Special Seminar by Dr. Yew-Foong HUI on June 27th
2016/06/27 @ 5:00 PM - 6:30 PM
You are cordially invited to a special seminar by Dr. Yew-Foong HUI. The details are as follows.
Date and Time: June 27 (Mon.) 17:00 – 18:30, 2016
Place: Seminar Room at the 4th Floor of Common Building (Room No. 409), Center for Southeast Asian Studies, Kyoto University
Speaker: Dr. Yew-Foong HUI, Associate Professor at the Department of Sociology, Hong Kong Shue Yan University
Title: Between Nations: The Political Vicissitudes of the Aceh Chinese
As the Cold War was heating up on the international scene, an anti-communist witch hunt was taking place in Indonesia in the aftermath of the abortive coup of September 30, 1965, allegedly orchestrated by the Indonesian Communist Party. Chinese all over Indonesia were accused of being communists or communist sympathizers, and many bore the brunt of both symbolic and real violence under the Suharto regime. In Aceh, 10,000 Aceh Chinese were displaced from their homes and cooped up in refugee camps in Medan and its outskirts. Subsequently, more than 4,000 left via repatriation ships for China, while others had to remain behind and rebuild their homes on the grounds of the refugee camps. This paper will trace the migratory trajectories of the Aceh Chinese, and reflect on their political plight of being caught between two nations at the height of the Cold War.
This paper will examine the vicissitudes of the Aceh Chinese from three different angles. First, it will look at how states define and contest issues of nationality and citizenship, and how displacements of people are one of the ways in which uncertainties related to such issues are resolved. Second, it will consider the ethnic Chinese community, in terms of how it acted and organized itself in the midst of this crisis, and how it related to the Indonesian and Chinese governments, caught as it were between different ideologies and nations. Third, it will dwell on the Chinese subject, with multiple identifications as Aceh Chinese and overseas Chinese, among others, fragmented because the modern nation-state cannot tolerate such uncertainties among its subjects. In examining an event and a time when the processes of the nation-state were not yet fully rationalized, this paper will demonstrate how the Chinese as a minority in Indonesia was constructed out of the embers of the Cold War.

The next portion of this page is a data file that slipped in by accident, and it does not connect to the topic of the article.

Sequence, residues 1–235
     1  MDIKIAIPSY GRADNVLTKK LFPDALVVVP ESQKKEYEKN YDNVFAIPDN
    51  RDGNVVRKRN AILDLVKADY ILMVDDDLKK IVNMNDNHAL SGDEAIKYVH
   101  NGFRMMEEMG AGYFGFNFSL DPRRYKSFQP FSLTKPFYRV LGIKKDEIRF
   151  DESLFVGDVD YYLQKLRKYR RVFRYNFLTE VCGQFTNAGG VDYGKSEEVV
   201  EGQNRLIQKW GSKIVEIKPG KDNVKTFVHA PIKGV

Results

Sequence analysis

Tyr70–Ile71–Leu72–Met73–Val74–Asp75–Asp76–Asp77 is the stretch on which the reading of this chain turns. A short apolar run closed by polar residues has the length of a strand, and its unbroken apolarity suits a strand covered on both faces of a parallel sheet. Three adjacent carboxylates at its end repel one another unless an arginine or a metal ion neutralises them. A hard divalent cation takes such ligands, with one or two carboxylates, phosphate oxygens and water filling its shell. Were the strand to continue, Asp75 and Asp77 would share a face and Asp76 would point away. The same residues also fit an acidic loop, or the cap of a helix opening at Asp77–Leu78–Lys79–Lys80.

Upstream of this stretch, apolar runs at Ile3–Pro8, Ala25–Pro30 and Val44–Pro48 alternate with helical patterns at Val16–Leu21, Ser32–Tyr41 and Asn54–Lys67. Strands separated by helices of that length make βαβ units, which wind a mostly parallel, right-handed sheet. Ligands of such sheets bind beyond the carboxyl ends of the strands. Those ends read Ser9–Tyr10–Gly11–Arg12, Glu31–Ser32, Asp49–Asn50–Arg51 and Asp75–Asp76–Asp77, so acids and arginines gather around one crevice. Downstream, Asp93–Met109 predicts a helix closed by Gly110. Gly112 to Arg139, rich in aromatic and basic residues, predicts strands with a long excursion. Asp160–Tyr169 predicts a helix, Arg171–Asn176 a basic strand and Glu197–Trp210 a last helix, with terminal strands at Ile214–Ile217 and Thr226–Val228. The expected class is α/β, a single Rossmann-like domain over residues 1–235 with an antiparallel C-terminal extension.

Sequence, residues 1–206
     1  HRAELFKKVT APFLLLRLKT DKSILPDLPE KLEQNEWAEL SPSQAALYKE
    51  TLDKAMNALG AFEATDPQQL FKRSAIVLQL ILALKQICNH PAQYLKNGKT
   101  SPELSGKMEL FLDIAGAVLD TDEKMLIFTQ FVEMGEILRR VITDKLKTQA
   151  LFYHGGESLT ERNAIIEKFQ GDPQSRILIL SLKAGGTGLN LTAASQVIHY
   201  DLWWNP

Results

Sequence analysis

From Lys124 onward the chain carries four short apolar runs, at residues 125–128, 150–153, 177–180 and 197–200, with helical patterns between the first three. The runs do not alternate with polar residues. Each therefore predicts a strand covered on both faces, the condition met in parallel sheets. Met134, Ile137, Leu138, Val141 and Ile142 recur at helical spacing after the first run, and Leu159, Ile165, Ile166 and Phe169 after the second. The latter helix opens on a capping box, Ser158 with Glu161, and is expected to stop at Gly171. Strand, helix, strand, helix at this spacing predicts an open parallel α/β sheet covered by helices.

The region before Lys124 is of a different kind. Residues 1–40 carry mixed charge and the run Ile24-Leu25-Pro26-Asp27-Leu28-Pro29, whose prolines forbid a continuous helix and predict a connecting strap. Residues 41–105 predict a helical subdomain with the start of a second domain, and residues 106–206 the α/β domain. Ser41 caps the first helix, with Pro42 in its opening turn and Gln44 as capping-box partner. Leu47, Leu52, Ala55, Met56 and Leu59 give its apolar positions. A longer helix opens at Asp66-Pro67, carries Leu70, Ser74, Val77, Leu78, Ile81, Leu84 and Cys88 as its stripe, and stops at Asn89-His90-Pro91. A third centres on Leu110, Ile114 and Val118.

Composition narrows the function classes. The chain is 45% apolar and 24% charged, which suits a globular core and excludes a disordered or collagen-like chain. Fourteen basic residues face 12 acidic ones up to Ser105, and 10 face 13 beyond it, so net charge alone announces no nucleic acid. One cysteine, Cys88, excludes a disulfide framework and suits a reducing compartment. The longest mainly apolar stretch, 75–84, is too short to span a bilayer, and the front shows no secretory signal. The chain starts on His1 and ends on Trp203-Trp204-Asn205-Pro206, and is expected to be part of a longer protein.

Yew-Foong HUI is an anthropologist and Research Associate Professor at the Department of Sociology, Hong Kong Shue Yan University. He is also affiliated with the ISEAS-Yusof Ishak Institute as a Senior Fellow. His research interests include the Chinese overseas in Southeast Asia, religion and politics in Southeast Asia, decentralization in post-Suharto Indonesia, and heritage politics. He had been a Visiting Fellow at Cornell University, the University of Hong Kong and Xiamen University. Besides Singapore, he has conducted multi-sited field research in Indonesia (West Kalimantan and Medan), East Malaysia, South China and Hong Kong. He is the author of Strangers at Home: History and Subjectivity among the Chinese Communities of West Kalimantan, Indonesia, co-author of Different Under God: A Survey of Church-Going Protestants in Singapore and editor of Encountering Islam: The Politics of Religious Identities in Southeast Asia.
Acknowledgement: This seminar is part of the research activities of JSPS Grant in Aid B Grant Number:16H03312
Moderator: Yumi Kitamura, Associate Professor, Research and Development Laboratory, Kyoto University Library